A woman opens an old steamer trunk and discovers tantalizing clues that a long-dead relative may actually have been a serial killer, stalking the streets of New York in the closing years of the nineteenth century. A beer enthusiast is presented by his neighbor with the original recipe for Brown's Ale, salvaged decades before from the wreckage of the old brewery--the very building where the Star-Spangled Banner was sewn in 1813.
These stories have two things in common. They are tailor-made for viral success on the internet. And they are all lies.
posted by Sebmojo
on May 15, 2012 -
Wikipedia And The Death Of The Expert
- "McLuhan prefigured the Internet era in a number of surprising ways. As he said in a March 1969 Playboy interview
: 'The computer thus holds out the promise of a technologically engendered state of universal understanding and unity, a state of absorption in the Logos that could knit mankind into one family and create a perpetuity of harmony and peace' ... Wikipedia, along with other crowd-sourced resources, is wreaking a certain amount of McLuhanesque havoc on conventional notions of 'authority', 'authorship', and even 'knowledge' ... Knowledge is growing more broadly and immediately participatory and collaborative by the moment."
posted by kliuless
on May 29, 2011 -
Here’s what we think the Editor Trends Study tells us: Between 2005 and 2007, newbies started having real trouble successfully joining the Wikimedia community. Before 2005 in the English Wikipedia, nearly 40% of new editors would still be active a year after their first edit. After 2007, only about 12-15% of new editors were still active a year after their first edit. Post-2007, lots of people were still trying to become Wikipedia editors. What had changed, though, is that they were increasingly failing to integrate into the Wikipedia community, and failing increasingly quickly. The Wikimedia community had become too hard to penetrate.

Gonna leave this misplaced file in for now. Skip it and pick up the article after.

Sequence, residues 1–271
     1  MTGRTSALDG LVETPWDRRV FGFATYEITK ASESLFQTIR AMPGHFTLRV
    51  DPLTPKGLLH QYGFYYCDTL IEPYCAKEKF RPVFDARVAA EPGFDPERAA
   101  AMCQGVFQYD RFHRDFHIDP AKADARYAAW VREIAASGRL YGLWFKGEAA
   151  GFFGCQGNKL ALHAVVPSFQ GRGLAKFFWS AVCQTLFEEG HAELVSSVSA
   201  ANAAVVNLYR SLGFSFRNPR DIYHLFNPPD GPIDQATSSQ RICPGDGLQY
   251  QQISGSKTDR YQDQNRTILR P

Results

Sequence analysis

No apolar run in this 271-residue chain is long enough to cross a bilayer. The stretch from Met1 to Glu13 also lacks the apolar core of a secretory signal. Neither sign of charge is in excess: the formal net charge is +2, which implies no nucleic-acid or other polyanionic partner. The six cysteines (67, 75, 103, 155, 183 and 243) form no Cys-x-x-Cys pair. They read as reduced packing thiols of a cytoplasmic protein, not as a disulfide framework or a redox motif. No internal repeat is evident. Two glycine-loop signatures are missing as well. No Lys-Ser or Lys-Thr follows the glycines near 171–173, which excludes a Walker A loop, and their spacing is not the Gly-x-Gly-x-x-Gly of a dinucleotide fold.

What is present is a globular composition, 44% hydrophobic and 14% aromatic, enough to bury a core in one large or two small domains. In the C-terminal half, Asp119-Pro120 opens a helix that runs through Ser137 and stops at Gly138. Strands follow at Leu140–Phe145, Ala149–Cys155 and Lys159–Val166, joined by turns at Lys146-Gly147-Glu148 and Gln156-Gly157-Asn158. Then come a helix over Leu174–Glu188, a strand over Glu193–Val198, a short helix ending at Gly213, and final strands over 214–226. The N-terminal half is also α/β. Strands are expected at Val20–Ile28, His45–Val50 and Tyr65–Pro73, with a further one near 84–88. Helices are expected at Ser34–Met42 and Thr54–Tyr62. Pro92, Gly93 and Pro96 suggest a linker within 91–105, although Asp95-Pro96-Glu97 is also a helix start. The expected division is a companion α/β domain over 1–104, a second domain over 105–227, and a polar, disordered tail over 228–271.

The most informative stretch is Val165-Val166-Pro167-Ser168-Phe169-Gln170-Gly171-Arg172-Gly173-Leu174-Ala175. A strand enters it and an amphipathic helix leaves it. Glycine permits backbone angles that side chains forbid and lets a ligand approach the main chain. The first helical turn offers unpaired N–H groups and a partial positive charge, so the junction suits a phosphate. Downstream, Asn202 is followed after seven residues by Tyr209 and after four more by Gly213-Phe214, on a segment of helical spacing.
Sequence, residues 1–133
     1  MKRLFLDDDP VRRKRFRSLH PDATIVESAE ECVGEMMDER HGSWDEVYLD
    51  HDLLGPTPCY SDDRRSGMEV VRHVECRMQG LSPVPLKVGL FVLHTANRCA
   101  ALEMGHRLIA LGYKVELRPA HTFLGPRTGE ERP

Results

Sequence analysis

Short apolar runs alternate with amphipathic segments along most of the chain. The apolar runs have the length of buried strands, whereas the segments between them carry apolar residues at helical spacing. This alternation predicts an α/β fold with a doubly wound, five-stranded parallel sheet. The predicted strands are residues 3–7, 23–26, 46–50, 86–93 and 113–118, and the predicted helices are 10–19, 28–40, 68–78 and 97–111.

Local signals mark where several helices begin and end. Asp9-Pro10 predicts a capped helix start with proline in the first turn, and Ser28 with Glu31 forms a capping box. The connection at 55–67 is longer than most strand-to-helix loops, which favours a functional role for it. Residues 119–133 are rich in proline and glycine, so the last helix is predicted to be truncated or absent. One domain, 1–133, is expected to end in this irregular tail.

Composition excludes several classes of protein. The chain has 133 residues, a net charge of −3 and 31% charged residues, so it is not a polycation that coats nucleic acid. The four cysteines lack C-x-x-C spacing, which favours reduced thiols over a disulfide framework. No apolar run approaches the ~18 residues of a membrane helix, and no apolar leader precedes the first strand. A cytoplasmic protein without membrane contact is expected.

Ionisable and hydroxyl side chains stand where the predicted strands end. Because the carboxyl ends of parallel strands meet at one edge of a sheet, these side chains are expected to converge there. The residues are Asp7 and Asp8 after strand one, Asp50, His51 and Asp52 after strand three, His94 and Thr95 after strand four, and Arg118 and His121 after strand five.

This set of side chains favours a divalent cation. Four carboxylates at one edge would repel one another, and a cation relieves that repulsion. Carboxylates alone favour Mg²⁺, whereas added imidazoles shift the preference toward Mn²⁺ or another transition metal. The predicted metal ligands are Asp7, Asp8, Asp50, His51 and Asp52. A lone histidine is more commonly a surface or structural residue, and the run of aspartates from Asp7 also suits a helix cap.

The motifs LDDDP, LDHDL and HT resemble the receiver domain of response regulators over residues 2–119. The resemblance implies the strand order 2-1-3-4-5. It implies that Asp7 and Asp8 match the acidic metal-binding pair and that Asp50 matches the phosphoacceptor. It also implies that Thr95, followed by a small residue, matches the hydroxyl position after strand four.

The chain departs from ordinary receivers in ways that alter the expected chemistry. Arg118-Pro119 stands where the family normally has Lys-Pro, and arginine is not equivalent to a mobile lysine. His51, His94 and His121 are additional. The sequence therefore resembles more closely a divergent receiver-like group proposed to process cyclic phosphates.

- The Wikimedia Strategy March 2011 Update
discusses wikipedia's declining ability to retain new editors. Meanwhile the case of the deletion (and restoration)
of the article on the remarkably notable Old Man Murray
highlights the bad decisions that can occur when insular admins and editors favor deletionist sentiment and bureaucratic rule-waving over the input of outsiders and a basic level of research.
posted by Artw
on Mar 11, 2011 -
once more: the entire German edition was shut down
this week over the contents of a single entry
. The parents of the article's subject, a German hacker who died in 1998 under mysterious circumstances
, are displeased with his real name being disclosed in the encyclopedia. It is now back online; however, the future of the family's efforts is currently unclear, not only due to the German order's debatable validity in the US - but also because the order was, initially at least, mistakenly addressed
to St. Petersburg, Russia, instead of St. Petersburg, Florida.
posted by goodnewsfortheinsane
on Jan 20, 2006 -